How should I go about substituting canola or safflower oil for butter or shortening in baking recipes?
Liquid oils are ideal for baking, especially if you want to reduce saturated fats in your desserts. However, you must be ready for different end results than those you get from your standard recipe that uses butter or shortening.
The first thing you need to remember is that oil is 100% fat. Butter is mostly fat, with some milk solids and water. Shortening is mostly fat with some air whipped in. So, you need to use less oil than the amount of butter or shortening in a recipe. But, how much?
A good baker and I worked out this rule of thumb: For every 1/4 cup of solid fat required by a baking recipe, use 2 teaspoons less liquid oil. Let’s say your recipe calls for a 1/2 cup butter. To substitute oil, pour oil to the 1/2-cup level in a liquid measuring cup. Remove 4 teaspoons from the oil and discard or use for other cooking. Do not return it to the bottle. Add the measured oil to the dry ingredients before or with the liquid ingredients, depending on the recipe.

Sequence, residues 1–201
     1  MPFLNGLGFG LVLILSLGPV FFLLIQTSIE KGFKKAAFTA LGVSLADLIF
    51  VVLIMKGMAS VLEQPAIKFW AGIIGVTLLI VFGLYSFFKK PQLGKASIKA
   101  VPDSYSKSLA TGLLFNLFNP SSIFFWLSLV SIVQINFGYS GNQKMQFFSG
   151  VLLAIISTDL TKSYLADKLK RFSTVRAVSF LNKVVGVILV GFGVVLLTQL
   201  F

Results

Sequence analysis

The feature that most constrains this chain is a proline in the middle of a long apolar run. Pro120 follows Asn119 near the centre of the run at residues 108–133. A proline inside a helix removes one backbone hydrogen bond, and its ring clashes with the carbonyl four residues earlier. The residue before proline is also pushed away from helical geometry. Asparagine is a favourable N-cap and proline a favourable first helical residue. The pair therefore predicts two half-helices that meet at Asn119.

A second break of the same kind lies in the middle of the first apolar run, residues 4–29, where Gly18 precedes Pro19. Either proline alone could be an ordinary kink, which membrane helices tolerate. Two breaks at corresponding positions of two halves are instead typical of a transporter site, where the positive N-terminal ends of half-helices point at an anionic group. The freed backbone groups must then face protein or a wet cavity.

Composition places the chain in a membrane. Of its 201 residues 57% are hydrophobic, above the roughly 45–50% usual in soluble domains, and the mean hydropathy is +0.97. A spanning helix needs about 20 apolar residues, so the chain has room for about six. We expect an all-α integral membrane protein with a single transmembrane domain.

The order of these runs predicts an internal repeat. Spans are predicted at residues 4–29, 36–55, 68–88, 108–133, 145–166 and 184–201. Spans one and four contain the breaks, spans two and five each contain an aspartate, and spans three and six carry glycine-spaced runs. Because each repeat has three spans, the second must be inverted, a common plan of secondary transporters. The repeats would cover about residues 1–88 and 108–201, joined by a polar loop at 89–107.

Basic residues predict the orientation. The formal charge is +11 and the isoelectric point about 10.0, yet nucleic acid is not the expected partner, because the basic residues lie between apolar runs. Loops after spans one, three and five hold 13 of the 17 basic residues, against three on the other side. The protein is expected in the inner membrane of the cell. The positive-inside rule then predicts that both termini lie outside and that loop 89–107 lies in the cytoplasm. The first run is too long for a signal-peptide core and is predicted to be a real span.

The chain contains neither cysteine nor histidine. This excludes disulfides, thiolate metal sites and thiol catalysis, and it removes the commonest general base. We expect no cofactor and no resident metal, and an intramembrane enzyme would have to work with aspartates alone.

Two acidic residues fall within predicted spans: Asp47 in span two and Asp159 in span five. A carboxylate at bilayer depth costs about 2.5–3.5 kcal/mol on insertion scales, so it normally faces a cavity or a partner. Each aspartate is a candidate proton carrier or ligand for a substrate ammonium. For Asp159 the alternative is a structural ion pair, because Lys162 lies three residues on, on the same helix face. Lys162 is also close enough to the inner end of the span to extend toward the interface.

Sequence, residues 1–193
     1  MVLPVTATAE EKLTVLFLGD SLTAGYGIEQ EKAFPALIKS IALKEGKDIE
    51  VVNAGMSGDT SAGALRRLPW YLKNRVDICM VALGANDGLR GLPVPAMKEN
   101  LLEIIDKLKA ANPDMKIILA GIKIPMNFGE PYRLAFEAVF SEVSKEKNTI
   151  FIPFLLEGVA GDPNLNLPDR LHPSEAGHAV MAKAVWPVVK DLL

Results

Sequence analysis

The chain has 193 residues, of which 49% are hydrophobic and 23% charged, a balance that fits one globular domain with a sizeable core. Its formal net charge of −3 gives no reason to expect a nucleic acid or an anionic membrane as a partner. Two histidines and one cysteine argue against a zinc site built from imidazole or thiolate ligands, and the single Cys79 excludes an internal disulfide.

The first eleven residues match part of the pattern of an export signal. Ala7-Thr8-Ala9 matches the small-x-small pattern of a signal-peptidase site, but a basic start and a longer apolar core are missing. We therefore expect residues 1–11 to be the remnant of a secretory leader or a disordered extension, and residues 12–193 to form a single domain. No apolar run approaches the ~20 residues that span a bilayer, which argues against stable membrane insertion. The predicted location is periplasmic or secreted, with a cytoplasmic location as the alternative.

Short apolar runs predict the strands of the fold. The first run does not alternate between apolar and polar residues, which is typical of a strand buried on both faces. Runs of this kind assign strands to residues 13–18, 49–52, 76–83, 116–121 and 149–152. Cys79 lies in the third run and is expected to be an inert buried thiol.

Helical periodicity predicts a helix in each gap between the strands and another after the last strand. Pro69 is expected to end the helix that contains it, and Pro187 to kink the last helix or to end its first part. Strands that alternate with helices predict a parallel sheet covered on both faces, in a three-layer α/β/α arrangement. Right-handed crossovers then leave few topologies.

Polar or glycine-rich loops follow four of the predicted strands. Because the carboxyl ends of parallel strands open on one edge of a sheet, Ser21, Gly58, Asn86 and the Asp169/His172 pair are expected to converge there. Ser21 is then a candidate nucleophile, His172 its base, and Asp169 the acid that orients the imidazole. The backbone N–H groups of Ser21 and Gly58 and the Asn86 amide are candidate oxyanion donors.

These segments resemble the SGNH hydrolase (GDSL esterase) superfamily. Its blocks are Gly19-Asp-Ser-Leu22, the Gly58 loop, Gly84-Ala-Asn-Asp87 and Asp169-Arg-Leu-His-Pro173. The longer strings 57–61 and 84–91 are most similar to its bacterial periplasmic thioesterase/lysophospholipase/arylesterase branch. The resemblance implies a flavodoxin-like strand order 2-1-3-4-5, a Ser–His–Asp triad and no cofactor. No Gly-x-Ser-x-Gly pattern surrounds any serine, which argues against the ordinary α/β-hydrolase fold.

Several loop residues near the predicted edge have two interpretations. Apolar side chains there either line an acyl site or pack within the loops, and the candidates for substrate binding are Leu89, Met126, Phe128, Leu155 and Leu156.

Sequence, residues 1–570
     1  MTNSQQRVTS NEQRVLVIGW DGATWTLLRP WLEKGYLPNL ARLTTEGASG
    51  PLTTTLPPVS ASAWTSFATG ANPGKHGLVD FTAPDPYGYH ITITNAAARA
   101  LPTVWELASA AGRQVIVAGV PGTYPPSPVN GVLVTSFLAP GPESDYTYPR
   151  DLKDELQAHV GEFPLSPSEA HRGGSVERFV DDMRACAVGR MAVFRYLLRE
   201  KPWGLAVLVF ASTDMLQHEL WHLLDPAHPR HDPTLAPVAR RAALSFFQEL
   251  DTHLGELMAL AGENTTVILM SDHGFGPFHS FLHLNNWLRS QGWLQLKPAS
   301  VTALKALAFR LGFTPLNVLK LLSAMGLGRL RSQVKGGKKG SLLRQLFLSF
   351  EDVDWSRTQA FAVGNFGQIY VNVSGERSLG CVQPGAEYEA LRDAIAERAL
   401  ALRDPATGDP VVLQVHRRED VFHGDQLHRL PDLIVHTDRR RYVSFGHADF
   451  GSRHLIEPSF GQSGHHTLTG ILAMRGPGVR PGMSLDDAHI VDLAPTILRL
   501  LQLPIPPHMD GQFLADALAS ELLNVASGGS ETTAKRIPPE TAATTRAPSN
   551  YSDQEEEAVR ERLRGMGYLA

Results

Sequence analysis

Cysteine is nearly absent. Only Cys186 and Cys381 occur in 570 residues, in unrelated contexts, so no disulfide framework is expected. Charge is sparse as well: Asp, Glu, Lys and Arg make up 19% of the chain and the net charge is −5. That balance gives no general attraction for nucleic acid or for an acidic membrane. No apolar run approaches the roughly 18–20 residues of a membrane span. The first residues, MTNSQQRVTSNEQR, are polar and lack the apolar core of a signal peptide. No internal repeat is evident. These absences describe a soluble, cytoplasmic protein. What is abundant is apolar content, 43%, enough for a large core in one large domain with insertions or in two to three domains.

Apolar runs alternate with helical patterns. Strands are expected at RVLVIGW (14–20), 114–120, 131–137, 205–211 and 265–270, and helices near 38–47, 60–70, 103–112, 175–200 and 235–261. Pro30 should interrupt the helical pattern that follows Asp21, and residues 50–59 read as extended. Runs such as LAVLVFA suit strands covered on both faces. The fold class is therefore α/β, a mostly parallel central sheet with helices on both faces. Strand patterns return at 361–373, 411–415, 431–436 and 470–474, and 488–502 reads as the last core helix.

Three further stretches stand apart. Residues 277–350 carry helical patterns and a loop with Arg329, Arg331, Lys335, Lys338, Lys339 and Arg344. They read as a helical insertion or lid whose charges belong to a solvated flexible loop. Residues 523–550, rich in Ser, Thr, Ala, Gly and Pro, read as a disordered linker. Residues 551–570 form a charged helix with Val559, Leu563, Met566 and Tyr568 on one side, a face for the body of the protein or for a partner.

Back to the end results. As a general rule, butter or shortening will give you a drier, more delicate, crumb. Pie crusts made with butter or solid shortening are flaky, whereas pie crusts made with oil will be more like graham cracker crusts. Cake recipes in which oil is used are usually more dense and moist. If you are baking muffins or quickbreads, oil is a perfectly acceptable choice for moist results.